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Chicago-based securities law firm Stoltmann Law Offices continues to represent investors nationwide in claims involving bogus tax-shelter investments like syndicated conservation easements. One of the most troublesome products sold by brokers in recent years have been vehicles that offer investors substantial tax breaks that skirt the US tax code. Although the promise of reducing taxes is always a powerful incentive for high net-worth investors, the vehicles themselves may not be allowed by the Internal Revenue Service (IRS) or Tax Courts. The IRS can be ruthless and unforgiving and an investor invested in a “tax shelter” that the IRS determines lacks legitimacy, it is the investor that will owe every nickel of those tax savings back, plus penalties and possible criminal prosecution. It can be a scary and expensive situation.

Syndicated conservation easements offer buyers generous tax deductions for donating property for conservation purposes. Although mostly done by landowners for ecological preservation and restoration, brokers have “bundled” these vehicles to sell them to unsuspecting clients, who buy them thinking they will be gaining outsized tax write-offs. Last year, the IRS announced that it would step up enforcement on these vehicles, which it included in its “Dirty Dozen” list of abusive tax scams to avoid. Two years ago, the U.S. Department of Justice shut down a Georgia-based firm marketing these schemes.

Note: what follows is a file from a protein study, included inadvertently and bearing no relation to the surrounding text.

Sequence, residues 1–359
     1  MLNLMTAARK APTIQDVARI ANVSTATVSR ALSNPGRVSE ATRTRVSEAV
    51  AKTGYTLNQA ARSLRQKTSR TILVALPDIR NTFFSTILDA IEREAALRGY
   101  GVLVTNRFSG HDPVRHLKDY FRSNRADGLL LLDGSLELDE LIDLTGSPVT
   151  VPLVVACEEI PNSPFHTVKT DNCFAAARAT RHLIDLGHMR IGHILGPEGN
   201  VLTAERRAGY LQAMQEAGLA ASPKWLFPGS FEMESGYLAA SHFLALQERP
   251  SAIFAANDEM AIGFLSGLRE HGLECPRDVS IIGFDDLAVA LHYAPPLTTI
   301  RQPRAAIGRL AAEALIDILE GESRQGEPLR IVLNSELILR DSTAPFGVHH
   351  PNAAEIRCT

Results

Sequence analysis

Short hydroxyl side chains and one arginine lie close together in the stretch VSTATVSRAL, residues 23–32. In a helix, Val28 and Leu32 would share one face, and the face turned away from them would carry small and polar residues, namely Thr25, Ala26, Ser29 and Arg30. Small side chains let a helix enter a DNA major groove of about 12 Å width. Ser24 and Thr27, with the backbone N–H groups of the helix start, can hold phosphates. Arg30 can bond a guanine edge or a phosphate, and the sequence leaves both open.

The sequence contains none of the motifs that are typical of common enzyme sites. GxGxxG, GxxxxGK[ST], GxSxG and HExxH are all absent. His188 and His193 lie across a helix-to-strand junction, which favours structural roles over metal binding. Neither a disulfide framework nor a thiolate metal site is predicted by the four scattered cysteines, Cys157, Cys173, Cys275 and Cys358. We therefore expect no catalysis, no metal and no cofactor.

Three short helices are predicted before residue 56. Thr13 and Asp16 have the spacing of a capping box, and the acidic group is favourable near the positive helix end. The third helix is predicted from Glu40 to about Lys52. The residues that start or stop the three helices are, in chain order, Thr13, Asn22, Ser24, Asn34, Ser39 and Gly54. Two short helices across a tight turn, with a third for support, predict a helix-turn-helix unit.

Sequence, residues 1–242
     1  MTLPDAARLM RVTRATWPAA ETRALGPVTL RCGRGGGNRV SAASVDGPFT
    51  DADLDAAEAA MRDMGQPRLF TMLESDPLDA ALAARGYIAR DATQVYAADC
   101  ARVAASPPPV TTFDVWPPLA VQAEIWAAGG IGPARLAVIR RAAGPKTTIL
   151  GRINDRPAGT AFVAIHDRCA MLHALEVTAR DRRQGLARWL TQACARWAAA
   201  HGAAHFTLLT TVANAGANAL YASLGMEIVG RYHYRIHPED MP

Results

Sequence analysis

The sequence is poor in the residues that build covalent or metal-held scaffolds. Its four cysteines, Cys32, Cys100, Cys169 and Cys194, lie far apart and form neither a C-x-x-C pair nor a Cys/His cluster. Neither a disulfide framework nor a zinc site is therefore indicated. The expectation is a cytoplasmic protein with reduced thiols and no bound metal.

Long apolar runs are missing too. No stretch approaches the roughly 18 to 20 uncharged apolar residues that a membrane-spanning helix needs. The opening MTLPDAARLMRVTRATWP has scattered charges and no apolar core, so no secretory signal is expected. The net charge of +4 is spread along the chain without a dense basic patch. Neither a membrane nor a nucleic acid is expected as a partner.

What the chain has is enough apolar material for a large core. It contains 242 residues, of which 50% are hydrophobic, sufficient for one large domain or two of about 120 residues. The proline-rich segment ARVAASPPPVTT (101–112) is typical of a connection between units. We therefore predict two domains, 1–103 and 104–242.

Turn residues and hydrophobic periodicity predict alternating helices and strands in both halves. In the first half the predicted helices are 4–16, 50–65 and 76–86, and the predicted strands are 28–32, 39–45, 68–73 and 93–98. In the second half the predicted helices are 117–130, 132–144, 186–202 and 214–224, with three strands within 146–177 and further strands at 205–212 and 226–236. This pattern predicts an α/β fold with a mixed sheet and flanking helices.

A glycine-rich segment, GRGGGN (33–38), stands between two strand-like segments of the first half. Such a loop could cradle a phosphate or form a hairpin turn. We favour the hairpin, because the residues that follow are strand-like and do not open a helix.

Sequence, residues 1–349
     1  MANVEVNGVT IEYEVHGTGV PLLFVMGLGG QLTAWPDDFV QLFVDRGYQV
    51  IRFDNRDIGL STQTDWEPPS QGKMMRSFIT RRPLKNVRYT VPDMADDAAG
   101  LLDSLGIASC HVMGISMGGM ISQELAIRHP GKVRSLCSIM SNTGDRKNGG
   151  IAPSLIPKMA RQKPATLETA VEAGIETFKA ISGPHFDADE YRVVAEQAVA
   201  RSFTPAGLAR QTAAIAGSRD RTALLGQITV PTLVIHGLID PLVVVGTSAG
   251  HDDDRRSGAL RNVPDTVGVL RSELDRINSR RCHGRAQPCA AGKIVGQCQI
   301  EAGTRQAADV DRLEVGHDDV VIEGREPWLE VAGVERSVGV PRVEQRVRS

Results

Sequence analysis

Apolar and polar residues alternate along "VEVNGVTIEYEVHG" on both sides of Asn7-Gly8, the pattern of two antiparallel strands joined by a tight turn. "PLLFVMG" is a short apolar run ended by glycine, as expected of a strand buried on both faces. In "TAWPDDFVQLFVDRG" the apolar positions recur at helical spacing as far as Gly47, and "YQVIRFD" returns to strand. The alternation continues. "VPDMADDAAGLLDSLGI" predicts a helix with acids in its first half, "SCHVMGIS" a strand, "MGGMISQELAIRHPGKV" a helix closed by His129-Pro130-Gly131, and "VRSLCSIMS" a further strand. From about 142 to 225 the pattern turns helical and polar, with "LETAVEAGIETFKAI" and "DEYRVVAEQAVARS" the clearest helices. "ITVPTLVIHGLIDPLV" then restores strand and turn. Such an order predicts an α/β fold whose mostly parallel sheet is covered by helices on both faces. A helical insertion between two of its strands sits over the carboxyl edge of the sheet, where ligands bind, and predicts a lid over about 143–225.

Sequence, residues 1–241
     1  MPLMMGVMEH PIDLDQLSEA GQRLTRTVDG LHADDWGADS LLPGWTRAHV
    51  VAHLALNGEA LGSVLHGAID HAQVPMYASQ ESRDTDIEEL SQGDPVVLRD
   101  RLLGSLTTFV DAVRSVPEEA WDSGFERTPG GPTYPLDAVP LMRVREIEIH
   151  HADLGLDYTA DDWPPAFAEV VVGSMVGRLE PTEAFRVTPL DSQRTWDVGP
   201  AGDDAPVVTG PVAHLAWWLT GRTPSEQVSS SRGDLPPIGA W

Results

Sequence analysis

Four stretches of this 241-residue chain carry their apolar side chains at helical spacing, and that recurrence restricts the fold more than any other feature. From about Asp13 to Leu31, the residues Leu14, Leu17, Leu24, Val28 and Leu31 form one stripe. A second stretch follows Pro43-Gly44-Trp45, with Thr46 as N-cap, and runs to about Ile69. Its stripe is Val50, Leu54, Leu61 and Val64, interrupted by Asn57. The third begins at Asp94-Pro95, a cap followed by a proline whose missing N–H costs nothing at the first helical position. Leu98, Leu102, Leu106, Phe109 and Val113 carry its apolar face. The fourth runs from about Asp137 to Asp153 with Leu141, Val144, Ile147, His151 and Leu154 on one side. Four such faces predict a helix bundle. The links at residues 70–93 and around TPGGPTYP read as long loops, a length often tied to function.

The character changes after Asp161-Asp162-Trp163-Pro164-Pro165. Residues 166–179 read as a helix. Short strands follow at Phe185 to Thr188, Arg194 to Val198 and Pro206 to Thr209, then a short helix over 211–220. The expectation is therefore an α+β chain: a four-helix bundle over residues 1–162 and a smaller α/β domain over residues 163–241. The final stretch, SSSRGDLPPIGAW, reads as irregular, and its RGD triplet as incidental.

The way a conservation easement scheme works is initially based on a legitimate tax write-off. Say you have a piece of property that has some significant ecological or preservation value. Under IRS rules, you can directly donate the real estate by placing it in a land trust or gift it to a charity, ensuring that it won’t be developed in perpetuity. If it’s a legitimate transaction, you can take a write-off based on the fair value of the land.

Chicago-based Stoltmann Law Offices, P.C. is a securities investor protection law firm offering representation nationwide to investors seeking to recover investment losses.  Our team is monitoring and reviewing information in connection with former LPL  financial advisor Donald Stephen Woods. According to published reports, Mr. Woods, of Louisville, Kentucky and currently registered with Thurston Springer Financial, intentionally manipulated and changed documents at LPL to qualify non-traded REIT sales that would have otherwise not been approved. LPL has certain limitations on how much of an investor’s declared liquid net worth can be concentrated in alternative investments, like non-Traded REITs.  Typically, LPL limits this exposure to 25% of liquid net worth, but can be lower for elderly investors and those with more conservative investment objectives. Brokers like Woods get around this limitation by inflating the client’s net worth numbers adjusting them upwards by a few hundred thousand dollars can be the difference between compliance approving the transaction and the broker getting paid his massive commission, and not approving it, leaving the broker to find something else to sell the client.